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    • One challenge of Rice’s policy of having all courses taught by faculty is that graduate students who hope to become professors have little opportunity to 'practice' and learn the techniques of good teaching. This may be discouraging some top graduate students from attending Rice. Some parts of many courses can be effectively taught by grad students with proper mentoring, and I don’t feel this would have to be detrimental to the students in the courses. —Alum

      Our opportunities for professional development (for a career in the academy) are, as you’ve acknowledged, lacking. We must have the opportunity to teach or at least assist faculty. Some of the best faculty in the world are at Rice—give us the opportunity to learn from them. —Graduate Student

 

    Although providing graduate students with more teaching opportunities is imperative, the teaching of undergraduates by faculty is a fundamental Rice value that cannot be compromised. Undergraduates indicate that graduate students can be an important aspect of Rice, adding significantly to their experience and enhancing the curricular offerings. In general, graduate students who teach upper-level courses in their area of expertise receive excellent evaluations, suggesting undergraduates often value talented teaching by graduate students as much as teaching by tenure-track faculty. Preparing graduate students to teach more effectively enhances both the undergraduate experience and the value of our graduate training. Graduate students can (and do) lead small study sections in larger introductory courses, and experiences such as these could be enhanced by the departments.

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    • Of course, as an undergraduate, I am very concerned about the quality of teaching. On the other hand, I know that: graduate students are some of the best teachers that I’ve had so far, and they are vital to the intellectual fabric of this school. Expand their ranks, and support them in all ways that you can. —Undergraduate Student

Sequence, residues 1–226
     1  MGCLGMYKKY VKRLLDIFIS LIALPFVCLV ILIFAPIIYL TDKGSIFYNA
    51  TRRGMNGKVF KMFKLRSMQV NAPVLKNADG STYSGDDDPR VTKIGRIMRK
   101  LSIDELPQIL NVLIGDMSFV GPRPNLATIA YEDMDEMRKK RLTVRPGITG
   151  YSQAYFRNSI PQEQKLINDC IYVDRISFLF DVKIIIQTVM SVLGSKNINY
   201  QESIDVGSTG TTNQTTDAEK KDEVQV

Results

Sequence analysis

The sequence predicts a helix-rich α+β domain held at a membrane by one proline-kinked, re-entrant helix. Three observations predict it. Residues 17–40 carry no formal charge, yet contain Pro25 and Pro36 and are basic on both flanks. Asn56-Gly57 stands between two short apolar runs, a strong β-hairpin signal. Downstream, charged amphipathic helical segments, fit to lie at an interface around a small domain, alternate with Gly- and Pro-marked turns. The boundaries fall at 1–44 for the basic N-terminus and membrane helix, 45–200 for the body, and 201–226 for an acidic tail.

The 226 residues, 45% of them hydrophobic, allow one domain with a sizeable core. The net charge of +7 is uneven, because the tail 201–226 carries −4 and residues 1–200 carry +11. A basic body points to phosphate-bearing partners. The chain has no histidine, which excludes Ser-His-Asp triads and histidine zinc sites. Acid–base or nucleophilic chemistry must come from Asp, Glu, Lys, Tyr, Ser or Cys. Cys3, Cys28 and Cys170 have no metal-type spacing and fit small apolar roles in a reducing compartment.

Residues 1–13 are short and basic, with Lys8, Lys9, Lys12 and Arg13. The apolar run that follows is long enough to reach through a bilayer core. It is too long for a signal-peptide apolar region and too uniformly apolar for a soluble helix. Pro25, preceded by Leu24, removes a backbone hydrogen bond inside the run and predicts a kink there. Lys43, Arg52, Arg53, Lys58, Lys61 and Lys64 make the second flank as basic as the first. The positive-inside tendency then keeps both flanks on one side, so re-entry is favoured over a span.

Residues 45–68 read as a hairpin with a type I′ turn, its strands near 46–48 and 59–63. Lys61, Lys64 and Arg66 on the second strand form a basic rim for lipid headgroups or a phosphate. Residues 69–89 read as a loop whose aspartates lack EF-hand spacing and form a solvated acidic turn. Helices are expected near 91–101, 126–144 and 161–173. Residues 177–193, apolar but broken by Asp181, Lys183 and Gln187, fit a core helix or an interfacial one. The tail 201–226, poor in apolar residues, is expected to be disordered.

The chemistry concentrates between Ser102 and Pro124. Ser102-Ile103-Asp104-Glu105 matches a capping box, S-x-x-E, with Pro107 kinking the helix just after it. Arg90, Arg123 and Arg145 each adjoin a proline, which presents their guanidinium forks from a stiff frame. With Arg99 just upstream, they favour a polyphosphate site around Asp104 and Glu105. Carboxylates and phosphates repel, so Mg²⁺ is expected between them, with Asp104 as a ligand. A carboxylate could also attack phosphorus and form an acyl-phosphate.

Determinations about graduate student teaching are (and should be) made at the departmental level. There are, however, a variety of ways we can enhance our undergraduate curricular offerings and provide graduate students critical experience in teaching without reducing our commitment to undergraduate teaching by full-time faculty. We might also explore opportunities for graduate students to teach courses through the residential colleges, in specialized programs focused on skills training or discipline-specific pedagogy, or in new summer programs.

    As is already the case in many departments, an integral and highly efficient mode for expanding the undergraduate research experience is for graduate students to supervise, teach, and mentor undergraduates in research experiences. This process may include graduate students teaching a seminar or course in their own research area, supervising undergraduates in a faculty member’s research program, or advising and providing assistance to undergraduates as they navigate methodological and technology issues pertaining to their research.

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    • Graduate programs add a lot to the Rice undergraduate experience. Graduate students are serious and they make Rice more academic. One way to encourage interaction is to do what [one] department did last year—allow carefully selected graduate students to teach a course in one of their areas of expertise. I heard good feedback from students in these courses. One thing we should not do is have graduate students teach introductory classes. —Undergraduate Student